Growing up in Evangelical Christianity, I was lead to believe that if I didn’t witness to people every chance I got, then I was somehow not truly expressing my belief in God. Likewise, I can acutely remember a sermon the pastor of my childhood church gave, where he equated God’s favor with leading at least one person to Christ. This messed with me a lot as I hadn’t done that (and as far as I know, have yet too). When I came out of Evangelical Christianity into the emergent community in college, I thought I had found an expression of Christianity that fit. An expression that had it “figured out.” Flash forward a few years to now and, after a period of deeply felt and stated agnosticism, I am once again embracing the religion of my childhood. While I would not call myself an Evangelical per se, I still hold strong ties to that expression of Christianity and in the past few years I’ve found myself trying to negotiate the space where I can be both an avowed believer and skeptic. As such, I’ve recently begun to wonder how one is to even have an evangelical posture when this is the case. I think, two recent experiences, highlight where I’ve come to land on this issue.
Recently, I’ve found myself engaged in conversations with people who are “seeking.” These are people who, like me, grew up in some form of Christianity, gave it up at some point, and now find themselves tentatively holding religious beliefs while not being particularly religious. As we’ve talked, I’ve seen myself in many of the things they’ve said. The unknowing, the desire for something to seem real to them again, but the deep dissatisfaction with the current state of their faith. In these conversations, I’ve wondered exactly how I am supposed to respond and the way I respond is significantly different from the way I would have in my youth.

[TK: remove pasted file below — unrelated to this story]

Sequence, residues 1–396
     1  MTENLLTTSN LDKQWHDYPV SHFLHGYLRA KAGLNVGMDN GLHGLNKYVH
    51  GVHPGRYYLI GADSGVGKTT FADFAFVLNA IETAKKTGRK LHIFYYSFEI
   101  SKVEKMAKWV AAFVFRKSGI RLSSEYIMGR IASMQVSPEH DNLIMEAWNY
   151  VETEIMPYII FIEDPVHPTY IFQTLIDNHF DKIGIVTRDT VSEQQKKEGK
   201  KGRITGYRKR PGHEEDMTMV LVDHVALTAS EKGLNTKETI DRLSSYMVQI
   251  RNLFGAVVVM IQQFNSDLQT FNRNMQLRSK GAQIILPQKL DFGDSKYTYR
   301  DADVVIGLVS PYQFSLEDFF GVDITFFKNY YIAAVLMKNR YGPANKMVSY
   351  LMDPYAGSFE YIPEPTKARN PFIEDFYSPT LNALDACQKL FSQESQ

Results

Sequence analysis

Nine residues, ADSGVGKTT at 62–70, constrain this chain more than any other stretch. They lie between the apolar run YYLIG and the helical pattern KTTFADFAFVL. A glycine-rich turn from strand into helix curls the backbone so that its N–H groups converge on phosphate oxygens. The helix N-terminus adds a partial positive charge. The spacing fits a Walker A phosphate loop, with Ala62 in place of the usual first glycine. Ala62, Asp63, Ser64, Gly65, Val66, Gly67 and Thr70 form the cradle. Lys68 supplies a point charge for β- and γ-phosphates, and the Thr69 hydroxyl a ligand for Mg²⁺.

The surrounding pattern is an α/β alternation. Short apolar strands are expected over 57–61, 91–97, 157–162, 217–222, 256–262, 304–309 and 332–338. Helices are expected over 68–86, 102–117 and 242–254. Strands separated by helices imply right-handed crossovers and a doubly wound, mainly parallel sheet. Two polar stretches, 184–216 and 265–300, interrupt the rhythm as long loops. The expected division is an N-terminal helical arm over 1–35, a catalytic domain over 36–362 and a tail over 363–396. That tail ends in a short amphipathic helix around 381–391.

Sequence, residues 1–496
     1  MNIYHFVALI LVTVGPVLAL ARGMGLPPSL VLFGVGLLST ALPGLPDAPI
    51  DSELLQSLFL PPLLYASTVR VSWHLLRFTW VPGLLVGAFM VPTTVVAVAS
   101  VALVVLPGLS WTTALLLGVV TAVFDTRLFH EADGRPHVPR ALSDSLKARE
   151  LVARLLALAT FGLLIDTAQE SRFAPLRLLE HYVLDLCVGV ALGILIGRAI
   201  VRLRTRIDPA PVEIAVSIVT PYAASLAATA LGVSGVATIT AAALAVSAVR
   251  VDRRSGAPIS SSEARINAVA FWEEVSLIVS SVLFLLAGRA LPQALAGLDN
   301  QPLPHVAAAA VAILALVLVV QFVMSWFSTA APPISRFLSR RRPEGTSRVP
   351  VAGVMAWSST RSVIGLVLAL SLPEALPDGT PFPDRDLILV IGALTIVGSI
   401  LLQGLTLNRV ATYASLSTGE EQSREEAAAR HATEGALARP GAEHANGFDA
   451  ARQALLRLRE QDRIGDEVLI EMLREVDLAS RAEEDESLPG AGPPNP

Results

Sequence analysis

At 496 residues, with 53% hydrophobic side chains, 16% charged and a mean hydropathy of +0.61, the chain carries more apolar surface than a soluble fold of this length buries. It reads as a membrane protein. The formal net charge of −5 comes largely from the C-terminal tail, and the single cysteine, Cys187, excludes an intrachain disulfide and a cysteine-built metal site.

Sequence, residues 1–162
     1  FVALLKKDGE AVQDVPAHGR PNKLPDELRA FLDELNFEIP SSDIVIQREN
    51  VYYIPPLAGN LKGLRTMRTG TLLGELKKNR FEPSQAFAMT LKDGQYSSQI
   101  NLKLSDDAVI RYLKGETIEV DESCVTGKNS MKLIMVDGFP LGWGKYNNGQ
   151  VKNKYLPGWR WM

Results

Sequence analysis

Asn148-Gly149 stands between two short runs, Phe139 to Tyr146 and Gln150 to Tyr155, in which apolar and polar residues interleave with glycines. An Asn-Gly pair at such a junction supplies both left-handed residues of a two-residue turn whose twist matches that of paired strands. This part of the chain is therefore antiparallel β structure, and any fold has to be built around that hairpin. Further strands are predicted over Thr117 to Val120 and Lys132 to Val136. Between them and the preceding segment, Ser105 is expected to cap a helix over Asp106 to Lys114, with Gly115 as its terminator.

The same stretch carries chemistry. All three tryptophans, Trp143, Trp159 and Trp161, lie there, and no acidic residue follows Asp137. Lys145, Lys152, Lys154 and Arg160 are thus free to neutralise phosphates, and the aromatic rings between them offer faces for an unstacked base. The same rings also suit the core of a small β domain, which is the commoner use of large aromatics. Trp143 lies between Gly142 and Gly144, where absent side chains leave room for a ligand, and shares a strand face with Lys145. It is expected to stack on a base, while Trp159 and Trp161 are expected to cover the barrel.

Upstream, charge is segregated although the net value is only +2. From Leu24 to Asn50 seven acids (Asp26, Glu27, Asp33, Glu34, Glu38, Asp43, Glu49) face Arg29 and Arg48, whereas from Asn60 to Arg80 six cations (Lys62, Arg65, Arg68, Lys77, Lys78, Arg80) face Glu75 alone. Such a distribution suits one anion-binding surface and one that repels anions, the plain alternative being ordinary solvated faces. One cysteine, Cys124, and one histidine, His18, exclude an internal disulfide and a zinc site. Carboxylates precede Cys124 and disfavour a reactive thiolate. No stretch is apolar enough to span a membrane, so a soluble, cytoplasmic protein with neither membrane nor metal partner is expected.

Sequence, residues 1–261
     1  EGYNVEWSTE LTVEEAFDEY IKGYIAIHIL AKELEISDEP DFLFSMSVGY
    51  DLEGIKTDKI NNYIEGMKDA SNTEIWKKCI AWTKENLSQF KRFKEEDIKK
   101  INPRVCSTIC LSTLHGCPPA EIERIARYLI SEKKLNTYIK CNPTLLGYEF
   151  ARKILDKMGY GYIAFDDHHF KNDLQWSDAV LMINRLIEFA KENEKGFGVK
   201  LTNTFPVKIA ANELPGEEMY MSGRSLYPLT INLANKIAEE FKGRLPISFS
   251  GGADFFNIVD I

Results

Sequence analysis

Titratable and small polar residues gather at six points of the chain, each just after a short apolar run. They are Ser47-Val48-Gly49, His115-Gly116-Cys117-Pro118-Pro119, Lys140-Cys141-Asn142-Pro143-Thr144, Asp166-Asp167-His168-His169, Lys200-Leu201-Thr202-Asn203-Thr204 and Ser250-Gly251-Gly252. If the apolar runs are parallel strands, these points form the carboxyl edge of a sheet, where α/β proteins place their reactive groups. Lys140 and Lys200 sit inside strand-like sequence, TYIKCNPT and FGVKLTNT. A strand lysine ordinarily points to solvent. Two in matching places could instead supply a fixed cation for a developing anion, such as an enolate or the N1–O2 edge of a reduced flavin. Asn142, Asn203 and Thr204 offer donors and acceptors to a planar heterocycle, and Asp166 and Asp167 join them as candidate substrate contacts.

In one conversation in particular, I found myself stating that I was “pretty agnostic/atheistic” a few years ago, but that I still feel there is value in holding faith to Christ and in Christianity. In spite of all the problems I have with it, it still gives me a sense of hope. The second conversation went similarly; ultimately, I landed on the point that there are days when it seems easier to just give up all this “God nonsense,” but that my experiences and the hope I find in Jesus is what keeps me around. I’m not pushing them to “make a decision,” I’m simply conversing about what I perceive to be is a similar experience. I don’t know how deeply my words are felt, but I hope they are at least taken seriously and genuinely.
For some, this may seem like lukewarm evangelism. Perhaps a better term might be “soft evangelism.” The idea that I may not have all the answers, that I’m not pushing God on them like a product, but that I’m trying to be honest about why I still hold faith in a God that oftentimes can be difficult to believe in. It’s a hard place to be. There is no satisfaction of “closing the deal.” There’s just me, trying to be as open and bare as I can. I imagine, or at least hope, that God is far more interested in that than in how effectively I can rack up the souls for him. Besides, it’s not really me that’s supposed to be doing the saving in the first place, is it?